On My Shelf helps you get to know various writers through a behind-the-scenes glimpse into their lives as readers.

I asked David Mathis—executive editor of desiringGod.org, pastor of Cities Church in Minneapolis, and author of Habits of Grace: Enjoying Jesus through the Spiritual Disciplines—about what’s on his nightstand, the books he re-reads, and more.


What’s ​on your nightstand right now?

Truth be told, I no longer have a nightstand. It was overflowing with so many books that my precious wife replaced it with a dresser to give me more space. Now I have a veritable mini-library right there beside the bed. 

But don’t let a bedside library make you think I’m a voluminous reader. I’m a bedtime reader, yes—that accounts for stocking so many titles within arm’s reach. But I’m also a slow reader, and I feel no obligation to finish a book just because I started it. I often read by the 80/20 rule: 80 percent of what most non-fiction books have to offer can be found in about 20 percent of the pages. So without apology, I ransack books for what I can get in the little time I have in this season of life, but that doesn’t mean I speed-read. In fact, I wonder how much speed “reading” really is reading. Retention is one thing; transformation is another. I don’t read simply to retain; I read to be changed for the better. 

So I do a lot of dipping in, not a lot of cover-to-cover reading. Right now I couldn’t be more excited about four new titles by colleagues at Desiring God. It started this spring with Tony Reinke’s 12 Ways Your Phone Is Changing You and John Piper’s Reading the Bible Supernaturally. Tony’s research and insights are remarkable, and John’s new book is one of his most important.

Piper has written many books that are sumptuous biblical feasts for readers. In this book he brings you into the kitchen to see how the food is made. Part 1 is golden, but some readers may find it tough sledding. If you’re spinning your wheels there, don’t leave too early; jump in at Part 2, or even Part 3. Most authors serve their best wine first, but John keeps some of the best for Part 3.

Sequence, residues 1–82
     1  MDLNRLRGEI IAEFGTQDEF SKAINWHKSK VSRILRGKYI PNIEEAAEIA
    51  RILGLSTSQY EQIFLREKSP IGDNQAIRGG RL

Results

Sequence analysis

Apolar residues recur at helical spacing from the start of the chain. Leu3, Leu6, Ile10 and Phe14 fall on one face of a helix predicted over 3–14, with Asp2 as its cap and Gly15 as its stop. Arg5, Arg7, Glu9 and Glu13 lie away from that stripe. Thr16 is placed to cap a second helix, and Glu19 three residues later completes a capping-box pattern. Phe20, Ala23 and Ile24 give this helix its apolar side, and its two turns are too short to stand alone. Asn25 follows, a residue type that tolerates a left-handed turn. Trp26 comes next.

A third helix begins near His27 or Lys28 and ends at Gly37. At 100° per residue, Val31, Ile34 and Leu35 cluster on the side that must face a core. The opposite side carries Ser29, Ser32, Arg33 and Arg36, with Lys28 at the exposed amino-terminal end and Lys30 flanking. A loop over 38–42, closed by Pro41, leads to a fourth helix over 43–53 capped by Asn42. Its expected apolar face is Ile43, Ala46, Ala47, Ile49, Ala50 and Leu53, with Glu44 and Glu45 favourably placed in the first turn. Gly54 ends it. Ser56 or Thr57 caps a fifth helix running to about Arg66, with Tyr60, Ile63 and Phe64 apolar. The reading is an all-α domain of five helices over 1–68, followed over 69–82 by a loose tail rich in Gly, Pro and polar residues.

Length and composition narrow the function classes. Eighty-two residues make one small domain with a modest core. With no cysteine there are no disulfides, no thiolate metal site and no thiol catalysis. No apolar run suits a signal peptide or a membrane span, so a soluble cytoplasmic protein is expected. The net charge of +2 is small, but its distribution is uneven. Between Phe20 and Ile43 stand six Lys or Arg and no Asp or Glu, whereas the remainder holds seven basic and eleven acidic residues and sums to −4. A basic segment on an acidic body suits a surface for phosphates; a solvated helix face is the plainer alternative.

Within the last few months, Marshall Segal’s Not Yet Married [read TGC’s review] has appeared. I join John in this hope: “I predict (and pray!) that this will become the go-to book on dating for Christians for a long time to come.” Finally, Jonathan Parnell’s Never Settle for Normal [read TGC’s review] has just arrived. 

In the morning, I read downstairs. On the living-room shelf, I have the one book I’ve spent the most time in, hands down: a 2001 original edition ESV. I still open its worn, 16-year-old pages just about every morning and read (and meditate) in four spots with the Disciple Journal plan. Stacked with that Bible now is Dane Ortlund’s new devotional psalter as well as volume 10 of The Collected Works of John Piper. Volume 10 is the devotional volume with the full content of The Godward Life and Taste and See, totaling 260 meditations. I go here regularly for a three- to five-minute read.

Also “on my shelf” are audiobooks through the Audible app—great while driving or running. I recently finished Lewis’s The Great Divorce and am listening now to Keller’s Center Church.